Leaf to Flower- Flower to Leaf

April 27th, 2012 by

 

Leaf bud of the striped maple

Spring hath begun and that means many things from birds migrating, to weather shifting; grasses growing and water is flowing. Insect larva is hatching and mature insects that stayed deep in tree bark or buried under leaf mulch all winter are crawling out on warm days to begin their spring lifestyle.The trees are an interesting bunch in spring that I find most people know little about. The trees not only produce the fresh green leaves that bring joy to our hearts after the long winter but also flowers. Of course not all trees, and very few northern hemisphere natives produce large showy flowers like the southern magnolia. Nonetheless they do create flowers high up in the canopy. The first bees and flies to come out in early spring feed upon the pollen located high up from those flower sources that many people rarely see. The noble big toothed aspen and the vibrant red maples give birth to small flowers in their lofty branches long before leaves ever come out. The same can be said for the flexible willows and rejuvenating birches. As a matter of fact most northern hemisphere trees pop flowers long before they push out leaves. The question is, why?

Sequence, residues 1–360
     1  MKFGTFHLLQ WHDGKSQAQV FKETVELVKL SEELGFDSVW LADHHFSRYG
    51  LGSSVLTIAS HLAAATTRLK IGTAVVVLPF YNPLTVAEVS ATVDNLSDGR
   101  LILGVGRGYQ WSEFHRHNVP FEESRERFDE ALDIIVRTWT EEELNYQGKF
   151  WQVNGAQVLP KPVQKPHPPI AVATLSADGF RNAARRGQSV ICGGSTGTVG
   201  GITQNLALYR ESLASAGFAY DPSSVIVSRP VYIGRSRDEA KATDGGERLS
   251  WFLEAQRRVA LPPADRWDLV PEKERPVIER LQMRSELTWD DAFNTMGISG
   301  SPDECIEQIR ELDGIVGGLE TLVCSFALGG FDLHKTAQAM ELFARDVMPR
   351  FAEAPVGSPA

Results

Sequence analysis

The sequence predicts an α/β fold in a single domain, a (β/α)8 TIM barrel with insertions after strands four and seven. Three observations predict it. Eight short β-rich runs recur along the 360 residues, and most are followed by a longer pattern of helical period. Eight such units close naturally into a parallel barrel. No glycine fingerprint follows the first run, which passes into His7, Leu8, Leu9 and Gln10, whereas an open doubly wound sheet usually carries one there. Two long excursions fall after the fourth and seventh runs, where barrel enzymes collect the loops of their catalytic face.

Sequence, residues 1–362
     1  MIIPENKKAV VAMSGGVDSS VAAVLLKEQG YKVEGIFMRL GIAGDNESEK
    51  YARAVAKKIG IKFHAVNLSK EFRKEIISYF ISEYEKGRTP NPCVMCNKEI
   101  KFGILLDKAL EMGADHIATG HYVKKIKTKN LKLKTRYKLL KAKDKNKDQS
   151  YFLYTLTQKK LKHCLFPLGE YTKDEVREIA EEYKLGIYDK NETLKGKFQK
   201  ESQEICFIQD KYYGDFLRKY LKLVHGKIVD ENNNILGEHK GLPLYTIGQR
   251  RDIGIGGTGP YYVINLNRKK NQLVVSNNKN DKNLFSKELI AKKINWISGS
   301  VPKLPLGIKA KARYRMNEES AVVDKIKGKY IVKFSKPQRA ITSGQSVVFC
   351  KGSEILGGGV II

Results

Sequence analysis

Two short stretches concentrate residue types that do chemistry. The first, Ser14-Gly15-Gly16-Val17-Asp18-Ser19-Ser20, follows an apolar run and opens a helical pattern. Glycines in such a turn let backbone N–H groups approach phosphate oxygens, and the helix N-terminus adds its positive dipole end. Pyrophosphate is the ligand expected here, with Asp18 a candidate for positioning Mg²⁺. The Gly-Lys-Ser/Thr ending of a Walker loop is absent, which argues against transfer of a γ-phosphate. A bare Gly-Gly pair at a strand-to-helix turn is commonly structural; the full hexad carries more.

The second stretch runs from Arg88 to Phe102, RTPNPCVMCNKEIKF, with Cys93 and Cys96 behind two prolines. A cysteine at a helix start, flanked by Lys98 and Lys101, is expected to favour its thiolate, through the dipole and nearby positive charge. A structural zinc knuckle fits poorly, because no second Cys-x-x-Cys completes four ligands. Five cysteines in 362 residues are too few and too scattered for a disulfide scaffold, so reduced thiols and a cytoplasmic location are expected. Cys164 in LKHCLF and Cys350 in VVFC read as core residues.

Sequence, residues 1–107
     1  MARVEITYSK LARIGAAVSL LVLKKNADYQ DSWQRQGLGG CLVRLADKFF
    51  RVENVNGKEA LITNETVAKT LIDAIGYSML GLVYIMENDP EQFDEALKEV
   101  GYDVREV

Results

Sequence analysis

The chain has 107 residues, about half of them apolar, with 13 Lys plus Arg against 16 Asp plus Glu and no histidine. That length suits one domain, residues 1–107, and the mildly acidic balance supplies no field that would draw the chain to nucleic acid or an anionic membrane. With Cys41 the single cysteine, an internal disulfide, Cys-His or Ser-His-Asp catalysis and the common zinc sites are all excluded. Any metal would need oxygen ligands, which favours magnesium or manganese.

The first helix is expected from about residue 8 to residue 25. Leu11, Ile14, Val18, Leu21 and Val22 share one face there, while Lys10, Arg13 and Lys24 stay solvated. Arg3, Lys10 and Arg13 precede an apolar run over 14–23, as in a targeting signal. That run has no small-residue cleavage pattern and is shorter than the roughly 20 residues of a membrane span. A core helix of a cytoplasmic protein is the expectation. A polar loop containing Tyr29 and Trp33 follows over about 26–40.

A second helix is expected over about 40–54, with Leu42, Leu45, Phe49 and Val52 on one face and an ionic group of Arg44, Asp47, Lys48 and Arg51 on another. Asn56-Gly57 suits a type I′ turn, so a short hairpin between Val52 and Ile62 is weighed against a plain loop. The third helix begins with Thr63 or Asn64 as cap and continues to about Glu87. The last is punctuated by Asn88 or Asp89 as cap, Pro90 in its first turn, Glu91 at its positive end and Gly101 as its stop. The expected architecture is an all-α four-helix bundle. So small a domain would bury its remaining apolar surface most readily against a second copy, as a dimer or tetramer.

Have you ever wondered why most tree flowers appear before the leaves? Ever wonder why the trees don’t try to protect the fragile flowers with leaves and so produce leaves before flowers? Most of these flowers appear before the insects are warm enough to come out of their winter hiding places. Doesn’t that also seem strange since most folks know that insects pollinate?

The fact is the trees that rely upon the wind to pollinate their flowers push out flowers before the leaves appear. This allows less interference during pollination since the leaves are not in the way. Weeks after the mass tree pollination has taken place the leaves begin to appear with their many shades of vibrant green, giving the long waited look of life back to the brown landscape.

The trees that rely upon insects to pollinate their flowers, such as Bass (American Linden) wait until after their leaves are out to push out flowers. This assures the flowers will get adequately pollinated by the insects that take shelter in the leaf foliage. The bees and flies hunt for these high level flowers amongst the thick protection of leaves.

This is just one simple example of just how much is out in the wild and right in your backyard that many people know nothing about.

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